You'll also want to make sure all of your subsidiary LLCs are complying with dissolution requirements if they exist. Divesting yourself of subsidiary organizations can become complicated. Your state's SOS should be able to help you with this process.

Notifying Creditors in

If you have outstanding debts or you've been named in a lawsuit, then your state's law may require that you notify creditors of the dissolution. Most states will only require notification to creditors if there are any outstanding claims against your business.

Your state law should indicate whether creditors should be notified about the business' dissolution process.

Filing Tax Forms with

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Your LLC's tax return will be due on your business' regular filing date, but you will also need to file a tax return if your state requires one.

If this is the case, then you'll want to submit transactional paperwork such as transactional certificates with your canellation form.

Doing so will expedite the process and get it back to you faster.

Make sure you update transactional documents, such as transactional certificates with your dissolution paperwork for tax purposes if they need updating.

You must know that you'll need to notify the IRS of your dissolution filing, even if your state doesn't require transactional paperwork. You can also submit transactional paperwork with your tax return or rely on transactional documents for this particular process.

If you choose to file transactional documents with your tax return, then make sure they are submitted by the return's due date.

In addition, if your Limited Liability Company is suspended and you plan to dissolve it, the Internal Revenue Service may request that you file a Corporate Dissolution or Liquidation (Form 966) notification with them.

The Internal Revenue Service provides a Closing a Business Checklist of other potentially required forms on its website. If your LLC has employees, for example, you must submit a final Form W-2 to free you from any tax liability.

If your Limited Liability Company isn't incorporated, you'll have to handle the dissolution process on your own. You may also want to seek advice and help from a transactional lawyer ot a law firm as you go through these procedures.

Although dissolving a Limited Liability Company is time-consuming, it's worth it for the sense of security knowing that you may move on to your new business without worrying about old ones coming back to haunt you in the form of paying business taxes, penalties, and creditors' claims.

FAQs

What Form Is Used to Dissolve an LLC?

The forms needed to dissolve an LLC vary by state. If you're managing your dissolution process on your own, then transactional forms like transactional certificates should be used with the filing of articles of dissolution.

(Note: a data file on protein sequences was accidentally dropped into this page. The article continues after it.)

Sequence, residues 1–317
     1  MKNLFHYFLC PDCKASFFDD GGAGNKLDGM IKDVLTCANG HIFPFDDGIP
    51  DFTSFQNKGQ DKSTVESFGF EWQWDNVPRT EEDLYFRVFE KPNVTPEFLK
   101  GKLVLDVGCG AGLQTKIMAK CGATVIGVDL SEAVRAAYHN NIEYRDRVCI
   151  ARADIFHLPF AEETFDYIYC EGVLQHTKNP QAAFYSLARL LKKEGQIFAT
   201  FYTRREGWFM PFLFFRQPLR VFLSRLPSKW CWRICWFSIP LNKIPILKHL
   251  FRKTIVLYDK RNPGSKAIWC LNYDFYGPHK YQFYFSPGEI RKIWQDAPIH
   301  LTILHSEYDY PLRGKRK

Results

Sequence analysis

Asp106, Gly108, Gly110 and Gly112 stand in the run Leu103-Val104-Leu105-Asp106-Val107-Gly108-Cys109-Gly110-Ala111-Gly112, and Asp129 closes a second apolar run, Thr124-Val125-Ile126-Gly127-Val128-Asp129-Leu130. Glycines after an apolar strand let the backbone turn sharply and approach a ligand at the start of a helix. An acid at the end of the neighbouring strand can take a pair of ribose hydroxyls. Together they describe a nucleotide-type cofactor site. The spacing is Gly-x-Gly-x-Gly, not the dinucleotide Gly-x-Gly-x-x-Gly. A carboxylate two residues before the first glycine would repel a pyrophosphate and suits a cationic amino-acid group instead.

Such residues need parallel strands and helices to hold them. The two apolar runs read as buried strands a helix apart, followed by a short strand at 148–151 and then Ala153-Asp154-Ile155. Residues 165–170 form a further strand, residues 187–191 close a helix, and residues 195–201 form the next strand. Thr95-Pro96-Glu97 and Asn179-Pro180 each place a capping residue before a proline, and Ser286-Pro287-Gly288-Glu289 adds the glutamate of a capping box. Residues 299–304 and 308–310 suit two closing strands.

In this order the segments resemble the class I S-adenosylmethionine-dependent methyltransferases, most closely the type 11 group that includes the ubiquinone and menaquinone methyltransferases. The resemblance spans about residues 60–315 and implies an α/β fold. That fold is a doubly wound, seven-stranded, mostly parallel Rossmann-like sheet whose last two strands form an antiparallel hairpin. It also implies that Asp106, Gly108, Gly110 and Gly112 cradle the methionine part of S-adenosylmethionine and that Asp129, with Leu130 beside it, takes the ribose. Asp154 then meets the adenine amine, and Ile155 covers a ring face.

If you choose instead to hire a transactional lawyer to assist you with this procedure, then consult with one before getting started so that you can work out a plan of action.

You'll also need to establish if transactional forms will have to accompany your filing or if transactional documents are required by other subsidiary LLCs.

What Should Be Included in Dissolution Notices?

In addition to the articles of dissolution, you may want to include transactional affidavits as part of your filings with the SOS.

These forms will be beneficial to you and your company if transactional paperwork is required by your state or other subsidiaries LLCs.

How Long Does It Take To Dissolve a Limited Liability Company?

The length of time varies, and it's up to you and the transactional lawyer that you hire to determine when all documentation has been submitted.

What Are Transactional Documents?

Transactional documents are transactional certificates, transactional affidavits, transactional resolutions, corporate transactional records, or transactional filings.

How Much Does It Cost to Dissolve an LLC in California?

Transactional filing fees vary by state. You may also be subject to transactional attorney fees rather than transactional filing fees, which will increase the amount that you'll need to payout.

LLC Dissolution Forms: Conclusion

In conclusion, make sure to file dissolution papers in each state where your Limited Liability Company is registered to operate. If your LLC has made any final income tax returns or employment tax returns, you'll also need to file them.

On the IRS's website, look for a list of actions you must take to terminate a company. Make sure you film Form 966 and Forms LLC-4/7/8 (if required). Make sure the transactional tax clearance is signed, stamped, and submitted with your dissolution papers.